As a writing exercise, I've chosen the ten books, albums, movies, and games that were most important in defining me as a person, and challenged myself to explain why.
Some of these set my artistic tone or left huge imprints on my personality, others changed the course of my life or career. With each item I can say, "if not for this, I would be someone else right now." But why? It's a hard question to answer. A strong feeling would compel me to put something on the list, and then I'd realize I had no clue how to unpack that feeling.
I'm doing the movies chronologically. Number four:
Quite a few times I pondered just dropping this movie from the list, because I knew it would be hard to write about with both honesty and class. But the challenge is the point of this writing exercise, isn't it? Be warned; if discussions of pornography or masturbation disturb you, you should probably browse somewhere else.
Bear with me; this is going to take a lot of unpacking.
I only saw this film when I did because of two coincidences. The first coincidence was the satellite dish our family purchased some time in the 1980's.
At the time, television broadcast companies were sending content to cable providers by passing it up to satellites and beaming it back down without any sort of encryption, so if a private citizen got ahold of a satellite dish they could get the full spectrum of expensive cable programming for free. My Dad thought this was a cool idea, so he paid a crew to drive to our property and plant a dish at the top of our hill. It was five feet across, weighed 200 pounds at least, and you oriented it by turning a steel crank.
We enjoyed that for a few years until the broadcast companies got wise, and "scrambled" their signals so that home receivers couldn't process them directly. My Dad tried to get ahold of a "pirate" descrambler chip he could stick into our receiver, but couldn't find one. Then the cable company ran real cable to our neighborhood and we gave up on the dish.
The second coincidence was a black-and-white television.
My grandmother gave me one as a gift, so I could play Nintendo games without hogging the downstairs TV. (In retrospect I find it terribly American that we had four television displays in a five person household, counting the one with the computer...) The black-and-white TV was a cute thing, about the size of a cinderblock and almost as heavy, with a carrying handle on the back and a broken-off antenna. It looked a lot like this:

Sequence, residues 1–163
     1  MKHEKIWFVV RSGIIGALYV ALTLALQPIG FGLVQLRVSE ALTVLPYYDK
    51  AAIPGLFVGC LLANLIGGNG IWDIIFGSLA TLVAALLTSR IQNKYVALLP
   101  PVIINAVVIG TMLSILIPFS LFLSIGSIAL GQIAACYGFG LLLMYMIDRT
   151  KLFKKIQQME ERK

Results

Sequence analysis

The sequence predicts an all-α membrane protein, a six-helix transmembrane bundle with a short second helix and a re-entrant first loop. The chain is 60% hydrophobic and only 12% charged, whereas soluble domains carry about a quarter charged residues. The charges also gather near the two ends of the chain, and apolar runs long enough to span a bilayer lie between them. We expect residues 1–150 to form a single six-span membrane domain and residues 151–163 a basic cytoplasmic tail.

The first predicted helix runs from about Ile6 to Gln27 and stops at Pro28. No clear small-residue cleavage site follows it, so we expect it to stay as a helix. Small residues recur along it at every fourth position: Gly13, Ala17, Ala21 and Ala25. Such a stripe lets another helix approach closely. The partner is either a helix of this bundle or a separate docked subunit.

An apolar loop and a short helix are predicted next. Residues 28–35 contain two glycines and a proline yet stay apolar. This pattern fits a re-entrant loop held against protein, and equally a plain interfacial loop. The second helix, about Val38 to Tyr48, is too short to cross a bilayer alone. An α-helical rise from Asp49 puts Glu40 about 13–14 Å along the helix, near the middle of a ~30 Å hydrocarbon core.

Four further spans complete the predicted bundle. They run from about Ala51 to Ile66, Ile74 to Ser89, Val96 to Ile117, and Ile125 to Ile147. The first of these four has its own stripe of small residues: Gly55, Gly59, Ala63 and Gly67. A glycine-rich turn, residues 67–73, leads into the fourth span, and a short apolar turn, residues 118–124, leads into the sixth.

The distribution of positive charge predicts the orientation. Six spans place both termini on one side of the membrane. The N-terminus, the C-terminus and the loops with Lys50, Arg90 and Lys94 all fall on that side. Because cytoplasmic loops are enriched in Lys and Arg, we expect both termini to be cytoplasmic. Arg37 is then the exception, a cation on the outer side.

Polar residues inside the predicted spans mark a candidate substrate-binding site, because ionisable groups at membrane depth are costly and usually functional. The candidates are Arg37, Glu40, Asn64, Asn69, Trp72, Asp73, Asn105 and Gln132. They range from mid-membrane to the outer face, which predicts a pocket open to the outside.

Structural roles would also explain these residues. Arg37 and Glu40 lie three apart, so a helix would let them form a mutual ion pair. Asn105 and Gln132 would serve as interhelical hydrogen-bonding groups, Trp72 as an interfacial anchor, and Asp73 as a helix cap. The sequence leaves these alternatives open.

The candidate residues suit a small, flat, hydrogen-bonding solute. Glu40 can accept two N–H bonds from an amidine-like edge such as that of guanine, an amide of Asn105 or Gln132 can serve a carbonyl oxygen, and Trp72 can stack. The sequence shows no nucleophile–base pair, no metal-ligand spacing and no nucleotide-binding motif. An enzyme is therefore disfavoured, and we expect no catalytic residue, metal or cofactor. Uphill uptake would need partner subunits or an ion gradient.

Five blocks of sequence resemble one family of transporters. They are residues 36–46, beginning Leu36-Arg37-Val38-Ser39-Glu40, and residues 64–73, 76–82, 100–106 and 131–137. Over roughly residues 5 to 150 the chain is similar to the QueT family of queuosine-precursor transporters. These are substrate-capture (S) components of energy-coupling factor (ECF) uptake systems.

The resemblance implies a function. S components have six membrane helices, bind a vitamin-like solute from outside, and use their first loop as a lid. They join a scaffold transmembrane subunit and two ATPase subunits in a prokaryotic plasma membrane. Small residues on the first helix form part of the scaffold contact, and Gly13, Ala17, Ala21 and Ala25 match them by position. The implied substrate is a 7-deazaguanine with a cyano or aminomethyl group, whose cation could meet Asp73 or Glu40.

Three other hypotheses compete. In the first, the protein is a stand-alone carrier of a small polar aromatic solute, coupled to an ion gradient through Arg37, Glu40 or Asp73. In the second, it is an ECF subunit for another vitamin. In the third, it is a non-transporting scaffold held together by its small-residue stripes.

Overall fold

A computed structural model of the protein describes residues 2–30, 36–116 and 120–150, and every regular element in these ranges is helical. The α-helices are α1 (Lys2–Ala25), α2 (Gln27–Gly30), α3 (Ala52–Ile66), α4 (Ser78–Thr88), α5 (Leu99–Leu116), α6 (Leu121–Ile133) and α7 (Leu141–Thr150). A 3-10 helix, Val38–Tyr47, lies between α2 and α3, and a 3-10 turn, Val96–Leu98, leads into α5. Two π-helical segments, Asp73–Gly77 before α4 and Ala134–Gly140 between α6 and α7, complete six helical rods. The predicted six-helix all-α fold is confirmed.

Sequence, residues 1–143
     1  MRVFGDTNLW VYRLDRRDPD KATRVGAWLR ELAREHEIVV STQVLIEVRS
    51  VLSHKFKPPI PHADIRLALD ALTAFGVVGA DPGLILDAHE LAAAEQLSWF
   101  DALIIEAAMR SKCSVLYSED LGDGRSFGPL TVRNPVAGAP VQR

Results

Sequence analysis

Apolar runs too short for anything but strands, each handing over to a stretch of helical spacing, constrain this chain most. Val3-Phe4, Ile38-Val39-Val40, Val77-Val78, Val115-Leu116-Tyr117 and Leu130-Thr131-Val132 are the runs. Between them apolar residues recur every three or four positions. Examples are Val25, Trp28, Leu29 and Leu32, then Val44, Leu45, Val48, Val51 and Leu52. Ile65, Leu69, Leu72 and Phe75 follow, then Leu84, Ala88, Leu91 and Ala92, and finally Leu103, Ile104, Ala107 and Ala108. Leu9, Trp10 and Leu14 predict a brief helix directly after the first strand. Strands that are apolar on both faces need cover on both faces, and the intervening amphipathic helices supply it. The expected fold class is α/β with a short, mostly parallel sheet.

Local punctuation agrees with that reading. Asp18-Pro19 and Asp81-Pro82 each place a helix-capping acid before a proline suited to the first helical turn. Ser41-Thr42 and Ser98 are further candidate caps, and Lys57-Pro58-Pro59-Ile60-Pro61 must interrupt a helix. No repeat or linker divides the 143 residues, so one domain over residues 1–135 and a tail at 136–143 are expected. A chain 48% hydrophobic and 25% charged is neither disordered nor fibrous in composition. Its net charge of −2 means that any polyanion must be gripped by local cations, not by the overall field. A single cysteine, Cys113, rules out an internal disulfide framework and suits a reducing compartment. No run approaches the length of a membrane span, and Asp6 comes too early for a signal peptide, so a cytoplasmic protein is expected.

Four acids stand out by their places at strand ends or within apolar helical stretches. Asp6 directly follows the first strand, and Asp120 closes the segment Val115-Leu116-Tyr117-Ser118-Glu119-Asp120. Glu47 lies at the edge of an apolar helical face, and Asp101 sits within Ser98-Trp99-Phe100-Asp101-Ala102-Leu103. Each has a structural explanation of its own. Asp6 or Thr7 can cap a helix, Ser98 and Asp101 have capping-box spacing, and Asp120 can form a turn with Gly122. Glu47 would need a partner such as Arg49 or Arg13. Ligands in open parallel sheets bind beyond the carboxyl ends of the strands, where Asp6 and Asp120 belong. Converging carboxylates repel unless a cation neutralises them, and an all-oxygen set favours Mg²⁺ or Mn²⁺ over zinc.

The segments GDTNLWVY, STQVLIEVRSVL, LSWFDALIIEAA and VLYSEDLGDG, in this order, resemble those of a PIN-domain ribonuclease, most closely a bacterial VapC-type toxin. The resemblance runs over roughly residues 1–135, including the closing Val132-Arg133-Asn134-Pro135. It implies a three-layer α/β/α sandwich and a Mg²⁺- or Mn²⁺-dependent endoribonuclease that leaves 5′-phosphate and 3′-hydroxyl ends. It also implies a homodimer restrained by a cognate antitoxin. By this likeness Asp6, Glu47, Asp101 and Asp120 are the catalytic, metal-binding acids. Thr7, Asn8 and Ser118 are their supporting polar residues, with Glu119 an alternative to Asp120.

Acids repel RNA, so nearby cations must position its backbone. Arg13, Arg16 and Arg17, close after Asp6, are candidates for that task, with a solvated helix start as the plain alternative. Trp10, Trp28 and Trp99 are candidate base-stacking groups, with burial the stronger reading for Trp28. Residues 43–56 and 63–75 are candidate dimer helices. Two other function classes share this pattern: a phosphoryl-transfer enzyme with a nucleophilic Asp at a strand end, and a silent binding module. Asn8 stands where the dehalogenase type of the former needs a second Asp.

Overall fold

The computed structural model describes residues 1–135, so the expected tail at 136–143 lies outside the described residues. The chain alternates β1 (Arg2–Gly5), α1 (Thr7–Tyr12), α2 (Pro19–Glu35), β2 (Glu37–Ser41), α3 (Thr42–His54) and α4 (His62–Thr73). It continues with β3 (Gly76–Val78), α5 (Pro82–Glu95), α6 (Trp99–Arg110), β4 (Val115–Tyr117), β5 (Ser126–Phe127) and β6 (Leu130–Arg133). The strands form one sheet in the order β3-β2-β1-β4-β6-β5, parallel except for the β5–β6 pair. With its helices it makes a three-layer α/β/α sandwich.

It didn't have a digital tuner, so I couldn't hook it to our cable feed. But I knew the old satellite receiver would display stuff on "channel 3" so I commandeered it, hoping to have my own personal cable selection. It was underwhelming. The only stuff that wasn't scrambled was boring government stuff, weather reports, and scrolling "tv guide" channels. But I kept messing around, and eventually I discovered that if you put a scrambled signal on "channel 3", then set the TV to halfway between channels 3 and 4, and futzed with the fine tuning knob, the image would straighten out and de-invert itself. Suddenly I could watch scrambled television!
It was still underwhelming. Most of the time the audio was missing, so movies were incomprehensible. But I was inspired by this new freedom, and one weekend I dragged the television up to the dish at the top of the hill, along with the receiver and an extension cord, and began slowly turning the dish across the sky, marking what I found by etching lines onto the adjustment arms of the dish. The "tv guide" channels gave an inventory for each satellite, which I wrote on graph paper. I found HBO, Cinemax, the Disney channel, et cetera. Lots of diagnostic channels and random stuff I couldn't identify. I kept at it.
After a few hours my Dad saw the extension cord and followed it up to the dish, and asked what I was doing. "Wow, did you actually get that thing to work?" he said.
"Sort of. All the satellites have moved around, so I'm making a new map."
He watched as I turned the crank until another picture resolved from the snow, then as I flipped up through the channels to find the diagnostic channel that would tell me what satellite I'd found. For a second, an image appeared of a woman. Her shirt was bunched up around her neck and a man had one of her breasts in his mouth. I still remember it even now because of how weird it was: The woman was leaned back on a fence, and holding a parasol over one shoulder, and looking down with arched eyebrows as if to say "oh my!", like her old-timey garden picnic had just gone very rogue indeed.
"What the heck was that?" my Dad said.
"I have no idea," I said.
A moment later I found the diagnostic channel. This was satellite S-1. I scratched a mark on the dish, wrote the name in my notes, and started turning the crank again.
Dad watched as I located three or four more satellites this way, then he went back to his yardwork. A few days later I went through my map and cranked the dish down to S-1 again, and found the channel where I'd seen that very sexy picnic. It was an all-pornography channel. I now had a 24-hour feed of fuzzy black-and-white silent pornography set up in my room. (This may sound unremarkable to teenagers today, but back then it was quite scandalous. You can read about the channel I found and its pathetic legal history if you want.)